Between generations: Imagination, collaboration, and the nineteenth-century child
Smith, Victoria Ford
Patten, Robert L.
Doctor of Philosophy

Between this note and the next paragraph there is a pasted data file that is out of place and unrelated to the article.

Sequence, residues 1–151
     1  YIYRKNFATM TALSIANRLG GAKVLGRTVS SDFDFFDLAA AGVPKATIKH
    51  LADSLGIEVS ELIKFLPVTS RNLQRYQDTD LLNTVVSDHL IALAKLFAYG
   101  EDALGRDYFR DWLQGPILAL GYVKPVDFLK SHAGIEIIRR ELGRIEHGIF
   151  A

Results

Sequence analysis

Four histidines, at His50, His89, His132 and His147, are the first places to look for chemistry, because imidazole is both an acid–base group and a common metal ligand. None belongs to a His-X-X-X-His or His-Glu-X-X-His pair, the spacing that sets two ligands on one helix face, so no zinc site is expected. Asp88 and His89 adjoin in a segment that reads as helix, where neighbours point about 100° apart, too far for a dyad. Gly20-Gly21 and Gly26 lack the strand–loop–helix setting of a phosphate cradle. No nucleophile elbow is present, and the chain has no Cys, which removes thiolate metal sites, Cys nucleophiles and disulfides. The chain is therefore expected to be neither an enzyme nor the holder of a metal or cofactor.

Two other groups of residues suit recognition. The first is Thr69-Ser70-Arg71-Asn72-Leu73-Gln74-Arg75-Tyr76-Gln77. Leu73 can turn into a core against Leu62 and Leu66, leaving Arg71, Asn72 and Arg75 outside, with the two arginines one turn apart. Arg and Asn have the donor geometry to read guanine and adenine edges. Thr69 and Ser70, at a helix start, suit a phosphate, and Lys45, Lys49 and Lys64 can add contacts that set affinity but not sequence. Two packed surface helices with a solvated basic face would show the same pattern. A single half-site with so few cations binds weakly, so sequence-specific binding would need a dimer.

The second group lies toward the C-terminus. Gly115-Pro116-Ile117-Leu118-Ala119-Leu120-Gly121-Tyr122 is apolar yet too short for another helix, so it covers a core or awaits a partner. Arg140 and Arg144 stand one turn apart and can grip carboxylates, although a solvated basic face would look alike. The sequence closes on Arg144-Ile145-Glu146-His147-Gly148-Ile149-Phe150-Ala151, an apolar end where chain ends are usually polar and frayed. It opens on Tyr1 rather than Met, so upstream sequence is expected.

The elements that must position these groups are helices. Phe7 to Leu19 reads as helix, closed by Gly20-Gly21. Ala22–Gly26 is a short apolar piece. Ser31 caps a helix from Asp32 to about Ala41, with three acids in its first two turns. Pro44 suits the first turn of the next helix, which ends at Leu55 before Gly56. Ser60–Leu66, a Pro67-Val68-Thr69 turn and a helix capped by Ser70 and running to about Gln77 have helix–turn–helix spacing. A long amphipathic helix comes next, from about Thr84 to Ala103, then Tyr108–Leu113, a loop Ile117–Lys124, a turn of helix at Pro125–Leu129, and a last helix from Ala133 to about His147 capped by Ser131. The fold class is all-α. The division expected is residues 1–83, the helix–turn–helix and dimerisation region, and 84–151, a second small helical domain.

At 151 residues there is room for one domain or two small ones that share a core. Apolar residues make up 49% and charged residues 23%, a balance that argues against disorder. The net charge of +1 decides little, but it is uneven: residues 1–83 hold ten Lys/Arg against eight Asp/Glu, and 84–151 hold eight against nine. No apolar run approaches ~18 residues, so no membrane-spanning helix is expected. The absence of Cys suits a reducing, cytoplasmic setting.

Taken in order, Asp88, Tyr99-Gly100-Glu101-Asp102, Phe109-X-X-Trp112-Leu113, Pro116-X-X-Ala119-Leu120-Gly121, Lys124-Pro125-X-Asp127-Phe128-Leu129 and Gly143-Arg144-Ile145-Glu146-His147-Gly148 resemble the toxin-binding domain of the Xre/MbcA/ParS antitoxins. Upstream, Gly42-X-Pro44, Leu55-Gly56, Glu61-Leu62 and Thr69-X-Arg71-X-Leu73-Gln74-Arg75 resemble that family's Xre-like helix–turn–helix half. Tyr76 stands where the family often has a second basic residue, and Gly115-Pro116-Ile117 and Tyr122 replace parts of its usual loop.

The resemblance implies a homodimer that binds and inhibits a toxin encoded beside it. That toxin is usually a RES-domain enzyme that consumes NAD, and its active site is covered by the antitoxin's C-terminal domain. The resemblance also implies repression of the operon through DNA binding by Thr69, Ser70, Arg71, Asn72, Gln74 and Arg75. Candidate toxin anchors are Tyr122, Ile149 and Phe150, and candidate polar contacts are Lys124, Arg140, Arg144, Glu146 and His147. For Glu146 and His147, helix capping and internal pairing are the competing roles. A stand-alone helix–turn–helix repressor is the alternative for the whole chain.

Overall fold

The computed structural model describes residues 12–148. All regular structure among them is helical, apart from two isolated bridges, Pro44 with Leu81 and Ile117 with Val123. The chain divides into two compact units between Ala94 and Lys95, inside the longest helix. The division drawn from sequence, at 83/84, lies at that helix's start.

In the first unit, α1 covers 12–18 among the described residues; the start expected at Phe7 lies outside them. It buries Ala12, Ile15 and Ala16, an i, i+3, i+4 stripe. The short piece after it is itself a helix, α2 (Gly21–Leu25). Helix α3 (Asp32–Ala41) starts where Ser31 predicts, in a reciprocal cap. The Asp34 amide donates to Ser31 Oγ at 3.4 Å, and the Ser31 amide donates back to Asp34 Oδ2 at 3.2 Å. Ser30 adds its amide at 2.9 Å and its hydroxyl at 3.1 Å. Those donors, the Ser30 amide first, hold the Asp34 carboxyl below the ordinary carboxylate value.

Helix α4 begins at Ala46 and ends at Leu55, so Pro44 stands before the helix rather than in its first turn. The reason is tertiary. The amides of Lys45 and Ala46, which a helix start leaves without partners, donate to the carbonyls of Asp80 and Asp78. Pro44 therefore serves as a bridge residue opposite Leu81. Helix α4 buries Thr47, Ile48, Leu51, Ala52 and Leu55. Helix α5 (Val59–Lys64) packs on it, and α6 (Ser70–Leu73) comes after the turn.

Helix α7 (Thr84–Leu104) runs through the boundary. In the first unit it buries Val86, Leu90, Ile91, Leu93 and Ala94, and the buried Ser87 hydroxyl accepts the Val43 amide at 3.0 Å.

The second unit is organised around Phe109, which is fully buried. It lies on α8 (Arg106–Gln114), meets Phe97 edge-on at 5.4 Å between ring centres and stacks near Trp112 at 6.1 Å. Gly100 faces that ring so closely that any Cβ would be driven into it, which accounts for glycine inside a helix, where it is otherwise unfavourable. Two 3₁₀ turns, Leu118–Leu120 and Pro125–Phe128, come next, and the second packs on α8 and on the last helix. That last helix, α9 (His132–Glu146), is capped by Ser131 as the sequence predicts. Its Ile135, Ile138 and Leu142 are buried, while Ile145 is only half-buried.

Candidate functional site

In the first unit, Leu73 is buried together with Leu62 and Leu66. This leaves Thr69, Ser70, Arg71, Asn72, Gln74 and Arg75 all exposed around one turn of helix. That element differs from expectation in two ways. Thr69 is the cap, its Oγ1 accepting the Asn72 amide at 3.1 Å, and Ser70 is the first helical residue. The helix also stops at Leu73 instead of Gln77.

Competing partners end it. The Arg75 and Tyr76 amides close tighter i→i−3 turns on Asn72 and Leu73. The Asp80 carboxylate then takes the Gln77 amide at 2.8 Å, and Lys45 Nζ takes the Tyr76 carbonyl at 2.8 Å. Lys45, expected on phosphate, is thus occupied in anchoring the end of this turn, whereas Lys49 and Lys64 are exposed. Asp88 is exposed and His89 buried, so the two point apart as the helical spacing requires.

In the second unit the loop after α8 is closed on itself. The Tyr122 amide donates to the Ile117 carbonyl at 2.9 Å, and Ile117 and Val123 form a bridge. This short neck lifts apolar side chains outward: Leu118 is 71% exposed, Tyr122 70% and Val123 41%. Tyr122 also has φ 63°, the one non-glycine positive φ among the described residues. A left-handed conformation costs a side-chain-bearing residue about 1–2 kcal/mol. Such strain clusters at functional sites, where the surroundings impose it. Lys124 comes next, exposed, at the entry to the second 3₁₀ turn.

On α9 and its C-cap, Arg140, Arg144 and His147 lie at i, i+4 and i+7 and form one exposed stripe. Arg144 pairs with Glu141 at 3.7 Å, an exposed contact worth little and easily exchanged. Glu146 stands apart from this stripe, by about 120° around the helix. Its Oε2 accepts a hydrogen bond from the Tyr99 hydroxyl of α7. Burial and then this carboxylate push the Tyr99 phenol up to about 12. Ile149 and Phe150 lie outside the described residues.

Shifting ideas about the qualities of children's imaginations transformed relationships between adults and children in nineteenth-century Britain. This dissertation contends that these new paradigms of children's fancy led authors of children's literature to partner with the young as creative collaborators, which accounts for frequent representations of children as an adult author's auditor, coauthor, illustrator, or guiding genius. These intergenerational collaborations were new models of authorship and evidence of a growing cultural imperative to recognize the young as active agents shaping their own social worlds. Alert to the fact that depictions of children are historically variable, I situate children's literature with and against discourses from psychology to education reform, demonstrating how the perceived powers of fancy granted children agency in a variety of cultural arenas. My project, then, offers an alternative to critical accounts that represent children as ciphers fulfilling adults' psychological and sexual desires. My introduction examines children's literature of the early nineteenth century, which I contend was a collaboration between adults Debates about the child's imagination, however, indicate a shift in expectations regarding adults' relationships to children. The remaining chapters detail the consequences of this shift, exploring four ways children were acknowledged as creative collaborators. Chapter one explores how many authors for children, inspired by fairy tale collections and cultural associations between children and preliterate cultures, structured their fictions according to models of oral narration. These authors defined children not as silent listeners but as participants in the narrative. Chapter two investigates coauthorship in the work of Robert Louis Stevenson, who understood composition as a collaboration between multiple familial, literary, and psychological personas. Partnering with his stepson, Stevenson developed a vocabulary of images that resurface throughout his works and express a social model of authorship. My third chapter explores the unruly child, examining children's literature that depicts collaborations between disobedient children and dim-witted adults in the context of education reforms that privileged imagination over adult authority. The figure of the disorderly child suggests anxieties about the imaginative power of those considered socially vulnerable. I conclude with a chapter on illustration, situating images by Edward Lear and Rudyard Kipling against ideas about children and art, arguing that these author-illustrators fuse childlike spontaneity and adult order, representing collaboration through playful images.